The Cost of Travel in Israel: A 2023 Travel Budget Breakdown

Israel is one of my favorite countries to visit in the world. It has a wonderful climate, delicious local cuisine, gorgeous natural beauty, and even more beautiful people. But what attracts most visitors to the country is its incredible history and culture. 

At just 8,550 square miles, Israel packs a lot into its small landscape, which changes dramatically from region to region. Within one short trip in Israel, you could swim in the Mediterranean, ride a camel through the Negev Desert, pick farm fresh fruit from trees in the lush north, and climb the peaks of a snow-capped mount Hermon.

On top of the incredibly diverse landscape, Israel is home to a unique blend of religions and cultures. The country (Jerusalem in particular) is known as one of the most important religious sites for the Jewish, Christian, Muslim, and Baha’i people, housing some of the most important historical biblical sites on the planet, alongside sixteen cultural and geographical UNESCO World Heritage Sites.

Of course, we can’t ignore the ongoing conflict in the Middle East, which has caused massive distress throughout the region. I recommend doing some brief research on current affairs to assess the state of conflict in the country before you visit. That said, you are unlikely to notice any signs of war if you stay within the big cities.

I’ve been visiting Israel since I was a young child. With family living in both the north and the urban center of Tel Aviv, and countless friends dotted across the small country, I would say that I know Israel pretty well. My favorite cities have to be Tel Aviv / Jaffa, as well as Jerusalem, which is buzzing with excitement and local charm. I’m also a big fan of the northern parts of Israel, which are much lusher than the desert landscape down south.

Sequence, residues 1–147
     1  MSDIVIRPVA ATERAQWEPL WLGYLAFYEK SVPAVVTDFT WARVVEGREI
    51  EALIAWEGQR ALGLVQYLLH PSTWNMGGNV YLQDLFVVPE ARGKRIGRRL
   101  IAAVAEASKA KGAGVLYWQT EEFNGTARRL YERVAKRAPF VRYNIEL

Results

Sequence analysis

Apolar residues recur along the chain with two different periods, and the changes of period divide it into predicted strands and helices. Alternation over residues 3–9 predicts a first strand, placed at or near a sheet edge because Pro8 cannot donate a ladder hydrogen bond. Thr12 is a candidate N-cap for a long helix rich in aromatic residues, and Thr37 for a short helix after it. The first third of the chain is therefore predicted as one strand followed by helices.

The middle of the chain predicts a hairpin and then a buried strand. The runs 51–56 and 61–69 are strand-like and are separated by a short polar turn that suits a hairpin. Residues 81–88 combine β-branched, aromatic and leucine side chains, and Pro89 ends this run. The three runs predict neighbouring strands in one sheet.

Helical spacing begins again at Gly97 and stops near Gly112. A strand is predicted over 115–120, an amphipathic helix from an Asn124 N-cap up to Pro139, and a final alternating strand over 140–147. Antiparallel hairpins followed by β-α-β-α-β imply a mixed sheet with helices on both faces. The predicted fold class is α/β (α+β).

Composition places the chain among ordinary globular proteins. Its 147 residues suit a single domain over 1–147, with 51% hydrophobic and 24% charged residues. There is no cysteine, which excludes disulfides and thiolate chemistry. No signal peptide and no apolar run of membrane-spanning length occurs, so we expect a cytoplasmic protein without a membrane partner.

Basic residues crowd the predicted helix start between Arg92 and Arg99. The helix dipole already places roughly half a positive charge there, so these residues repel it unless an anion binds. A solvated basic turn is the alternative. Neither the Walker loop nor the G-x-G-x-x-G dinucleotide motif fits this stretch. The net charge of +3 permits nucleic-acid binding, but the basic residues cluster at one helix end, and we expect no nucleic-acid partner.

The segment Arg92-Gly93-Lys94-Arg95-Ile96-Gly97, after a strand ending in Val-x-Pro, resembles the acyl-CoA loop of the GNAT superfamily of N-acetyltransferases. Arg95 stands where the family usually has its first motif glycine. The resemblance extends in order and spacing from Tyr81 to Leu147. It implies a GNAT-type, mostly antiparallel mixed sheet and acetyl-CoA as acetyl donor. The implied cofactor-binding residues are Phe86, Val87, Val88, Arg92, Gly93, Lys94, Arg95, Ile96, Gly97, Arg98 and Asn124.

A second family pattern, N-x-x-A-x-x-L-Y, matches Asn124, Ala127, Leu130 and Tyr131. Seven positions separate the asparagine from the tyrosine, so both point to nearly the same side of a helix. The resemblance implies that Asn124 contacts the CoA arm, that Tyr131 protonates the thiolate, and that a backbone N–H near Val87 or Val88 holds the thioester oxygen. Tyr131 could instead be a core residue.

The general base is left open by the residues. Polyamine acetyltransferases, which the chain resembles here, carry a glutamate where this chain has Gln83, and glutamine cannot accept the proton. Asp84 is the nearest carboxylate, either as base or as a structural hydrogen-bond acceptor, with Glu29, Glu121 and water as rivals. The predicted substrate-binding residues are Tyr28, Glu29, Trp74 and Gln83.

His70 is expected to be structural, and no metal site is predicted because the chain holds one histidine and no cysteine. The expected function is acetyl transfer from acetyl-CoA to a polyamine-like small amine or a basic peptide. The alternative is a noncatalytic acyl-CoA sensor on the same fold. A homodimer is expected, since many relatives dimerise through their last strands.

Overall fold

Israel has been a pretty pricey place for as long as I can remember. Even when visiting with family, I have always been conscious of what I purchase and how much I spend along the way. Naturally, the cost of travel in Israel has only increased with time. So, to manage your expectations, ensure you’re prepared to spend more than you might expect.

Accommodation and food will likely be your most significant expenses while in Israel. Depending on the time of year you visit, accommodation prices soar during spring and summer to account for the influx of tourists. 

It’s always best to know what to expect before visiting a foreign country, and being blindsided by unexpected Israel travel expenses is a sure way to ruin a good vacation. To make your trip more pleasant, I have used my personal experience to put together a detailed budget for the cost of travel in Israel.

The Cost of Accommodation in Israel

As mentioned, Israel is by no means a budget holiday destination. The country holds the unpopular title of having one of the highest costs of living in the world, with Tel Aviv ranking as the most expensive city from numerous sources.

These high prices can be attributed to many factors, which are far too complicated to get into here. But the premise is that with so little land to work with (and even less fertile land to farm), the country has to import much of its fresh produce from across Europe. On top of this, over 60% of the country is covered by a barren desert, and other parts are covered by lakes and seas, leaving only a small portion to be habitable by humans.

While prices are high, there are always ways to reduce costs and save cash when traveling in any country. One of the best ways to save money on accommodation in Israel is to avoid travel during the busiest months. As a predominantly Jewish country, Israel follows a Jewish calendar with various religious holidays. 

With many Jewish families congregating during certain holidays, I highly recommend avoiding travel during the following festivals:

  • Pesach / Passover – Early April
  • Rosh Hashanah (the Jewish New Year) – Mid-September
  • Hannukah – Early / Mid-December

Weather also plays a part in tourist numbers. The peak summer season lasts from June through to September, welcoming hundreds of thousands of visitors to the country. Booking outside of the high season is a great option. Alternatively, make sure you book accommodation well in advance to avoid paying increased fees.

The best time to visit Israel is in April, May, June, or September and October. Temperatures soar during July and August, often too hot to be able to do any exciting outdoor activities.

If you have family or friends in the country, why not ask if anyone needs a house or dog sitter for the duration of your stay? You could even time your trip around a house sitting opportunity. Some house and dog sitters even get paid for their services!

Workaway is a unique agreement where applicants help provide work (household needs, projects, or odd jobs) in exchange for food and accommodation from a host.